"What! did he not leave England?"

"Leave England? Bless you, no! He would not cross the door-stones of the house, except at night, when he walked just like a ghost about the grounds and in the orchard as if he had lost his senses—which it is my opinion he had; for a more spirited, bolder, keener gentleman than he was before that midge of a governess crossed him, you never saw, ma'am. He was not a man given to wine, or cards, or racing, as some are, and he was not so very handsome; but he had a courage and a will of his own, if ever man had. I knew him from a boy, you see: and for my part, I have often wished that Miss Eyre had been sunk in the sea before she came to Thornfield Hall."

"Then Mr. Rochester was at home when the fire broke out?"

"Yes, indeed was he; and he went up to the attics when all was burning above and below, and got the servants out of their beds and helped them down himself, and went back to get his mad wife out of her cell. And then they called out to him that she was on the roof, where she was standing, waving her arms, above the battlements, and shouting out till they could hear her a mile off: I saw her and heard her with my own eyes. She was a big woman, and had long black hair: we could see it streaming against the flames as she stood. I witnessed, and several more witnessed, Mr. Rochester ascend through the sky-light on to the roof; we heard him call 'Bertha!' We saw him approach her; and then, ma'am, she yelled and gave a spring, and the next minute she lay smashed on the pavement."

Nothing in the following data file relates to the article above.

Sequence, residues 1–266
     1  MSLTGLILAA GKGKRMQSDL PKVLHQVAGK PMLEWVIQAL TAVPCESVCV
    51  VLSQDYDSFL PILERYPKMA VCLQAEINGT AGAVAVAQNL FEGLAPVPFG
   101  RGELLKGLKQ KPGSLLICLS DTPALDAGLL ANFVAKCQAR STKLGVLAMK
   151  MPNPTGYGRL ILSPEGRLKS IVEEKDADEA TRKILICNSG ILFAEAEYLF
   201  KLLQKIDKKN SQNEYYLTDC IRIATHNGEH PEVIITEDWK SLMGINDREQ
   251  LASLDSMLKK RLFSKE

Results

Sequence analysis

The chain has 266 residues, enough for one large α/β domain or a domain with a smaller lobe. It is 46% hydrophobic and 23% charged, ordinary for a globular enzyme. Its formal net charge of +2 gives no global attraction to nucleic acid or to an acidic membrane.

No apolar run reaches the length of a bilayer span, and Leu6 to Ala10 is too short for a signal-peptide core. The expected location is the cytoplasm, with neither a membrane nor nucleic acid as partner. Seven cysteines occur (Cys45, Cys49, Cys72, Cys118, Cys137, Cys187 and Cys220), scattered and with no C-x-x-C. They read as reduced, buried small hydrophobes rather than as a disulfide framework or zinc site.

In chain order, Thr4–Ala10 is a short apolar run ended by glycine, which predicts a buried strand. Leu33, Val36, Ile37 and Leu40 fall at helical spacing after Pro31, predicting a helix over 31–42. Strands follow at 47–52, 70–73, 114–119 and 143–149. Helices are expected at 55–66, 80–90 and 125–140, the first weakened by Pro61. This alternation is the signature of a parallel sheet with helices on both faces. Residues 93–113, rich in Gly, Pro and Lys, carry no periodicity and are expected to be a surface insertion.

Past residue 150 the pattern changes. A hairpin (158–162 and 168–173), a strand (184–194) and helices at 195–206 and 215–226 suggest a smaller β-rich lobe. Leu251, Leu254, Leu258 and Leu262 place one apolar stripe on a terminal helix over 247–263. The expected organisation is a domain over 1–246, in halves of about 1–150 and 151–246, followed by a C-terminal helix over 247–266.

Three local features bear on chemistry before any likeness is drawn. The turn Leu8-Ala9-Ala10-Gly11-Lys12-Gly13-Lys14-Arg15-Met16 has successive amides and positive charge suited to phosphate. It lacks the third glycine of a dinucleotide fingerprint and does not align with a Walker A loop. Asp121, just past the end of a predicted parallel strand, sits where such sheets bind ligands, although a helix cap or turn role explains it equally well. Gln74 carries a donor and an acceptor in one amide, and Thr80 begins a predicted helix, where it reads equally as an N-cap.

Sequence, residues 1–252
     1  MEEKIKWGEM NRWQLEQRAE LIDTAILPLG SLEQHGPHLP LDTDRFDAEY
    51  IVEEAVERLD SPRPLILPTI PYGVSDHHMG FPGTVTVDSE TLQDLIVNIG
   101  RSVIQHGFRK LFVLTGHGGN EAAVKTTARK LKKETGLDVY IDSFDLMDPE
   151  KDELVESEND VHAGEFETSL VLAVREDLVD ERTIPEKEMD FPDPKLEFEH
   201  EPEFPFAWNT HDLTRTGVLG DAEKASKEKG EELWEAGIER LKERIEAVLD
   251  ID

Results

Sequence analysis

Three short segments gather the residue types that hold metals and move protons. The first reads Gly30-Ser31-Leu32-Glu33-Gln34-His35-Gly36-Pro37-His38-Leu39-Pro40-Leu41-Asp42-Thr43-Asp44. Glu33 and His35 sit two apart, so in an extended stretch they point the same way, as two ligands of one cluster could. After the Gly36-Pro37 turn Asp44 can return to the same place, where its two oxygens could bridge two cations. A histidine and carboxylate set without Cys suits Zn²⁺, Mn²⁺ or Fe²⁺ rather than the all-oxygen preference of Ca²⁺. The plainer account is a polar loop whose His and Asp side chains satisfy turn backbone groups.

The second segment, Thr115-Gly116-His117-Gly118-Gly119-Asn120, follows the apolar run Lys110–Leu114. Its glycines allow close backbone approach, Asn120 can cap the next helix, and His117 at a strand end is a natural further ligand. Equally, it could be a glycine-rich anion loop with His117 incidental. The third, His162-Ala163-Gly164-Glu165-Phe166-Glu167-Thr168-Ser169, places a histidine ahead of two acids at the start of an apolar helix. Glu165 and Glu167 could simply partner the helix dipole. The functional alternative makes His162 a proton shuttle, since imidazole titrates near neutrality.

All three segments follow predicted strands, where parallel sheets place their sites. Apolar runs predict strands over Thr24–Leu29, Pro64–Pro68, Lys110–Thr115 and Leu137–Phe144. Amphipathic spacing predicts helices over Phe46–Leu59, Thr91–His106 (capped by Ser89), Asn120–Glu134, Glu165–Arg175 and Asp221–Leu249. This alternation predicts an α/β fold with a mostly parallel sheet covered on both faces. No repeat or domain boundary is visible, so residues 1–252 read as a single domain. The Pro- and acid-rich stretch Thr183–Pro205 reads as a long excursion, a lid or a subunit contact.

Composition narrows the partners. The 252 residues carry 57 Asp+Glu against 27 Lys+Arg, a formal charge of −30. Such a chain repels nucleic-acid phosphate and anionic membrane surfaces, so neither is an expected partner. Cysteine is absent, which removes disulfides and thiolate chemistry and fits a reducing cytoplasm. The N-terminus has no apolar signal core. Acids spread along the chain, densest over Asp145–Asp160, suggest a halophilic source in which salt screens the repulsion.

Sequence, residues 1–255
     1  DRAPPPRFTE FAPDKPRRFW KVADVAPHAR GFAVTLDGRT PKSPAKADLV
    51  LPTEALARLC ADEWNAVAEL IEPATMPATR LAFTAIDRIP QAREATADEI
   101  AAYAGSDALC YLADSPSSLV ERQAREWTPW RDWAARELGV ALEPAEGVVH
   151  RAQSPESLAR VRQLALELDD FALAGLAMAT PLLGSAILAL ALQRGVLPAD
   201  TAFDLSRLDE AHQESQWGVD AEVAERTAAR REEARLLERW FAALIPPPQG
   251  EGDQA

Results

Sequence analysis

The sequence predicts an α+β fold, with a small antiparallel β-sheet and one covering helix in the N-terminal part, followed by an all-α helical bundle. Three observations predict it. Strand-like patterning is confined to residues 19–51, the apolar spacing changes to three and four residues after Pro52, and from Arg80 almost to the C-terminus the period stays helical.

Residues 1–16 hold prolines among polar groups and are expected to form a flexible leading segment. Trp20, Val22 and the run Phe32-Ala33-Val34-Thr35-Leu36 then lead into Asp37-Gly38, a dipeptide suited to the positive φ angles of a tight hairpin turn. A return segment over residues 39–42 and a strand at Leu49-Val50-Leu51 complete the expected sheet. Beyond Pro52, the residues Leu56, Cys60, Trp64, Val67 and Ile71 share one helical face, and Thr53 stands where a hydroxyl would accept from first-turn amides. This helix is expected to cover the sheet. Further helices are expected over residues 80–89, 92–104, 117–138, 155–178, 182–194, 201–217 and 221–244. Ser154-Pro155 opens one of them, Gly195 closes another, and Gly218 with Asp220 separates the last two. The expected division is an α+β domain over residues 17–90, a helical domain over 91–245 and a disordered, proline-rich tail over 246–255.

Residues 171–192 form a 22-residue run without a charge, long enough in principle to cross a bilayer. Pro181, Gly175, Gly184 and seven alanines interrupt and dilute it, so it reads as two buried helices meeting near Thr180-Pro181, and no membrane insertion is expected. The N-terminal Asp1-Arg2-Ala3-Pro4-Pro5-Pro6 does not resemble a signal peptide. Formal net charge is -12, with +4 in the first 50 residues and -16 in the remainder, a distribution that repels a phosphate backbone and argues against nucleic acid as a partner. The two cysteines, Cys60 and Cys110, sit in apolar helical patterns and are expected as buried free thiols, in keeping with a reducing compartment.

{The next minute she lay smashed on the pavement: p413.jpg}

"Dead?"

"Dead! Ay, dead as the stones on which her brains and blood were scattered."

"Good God!"

"You may well say so, ma'am: it was frightful!"

He shuddered.

"And afterwards?" I urged.

"Well, ma'am, afterwards the house was burnt to the ground: there are only some bits of walls standing now."

"Were any other lives lost?"

"No—perhaps it would have been better if there had."

"What do you mean?"

"Poor Mr. Edward!" he ejaculated, "I little thought ever to have seen it! Some say it was a just judgment on him for keeping his first marriage secret, and wanting to take another wife while he had one living: but I pity him, for my part."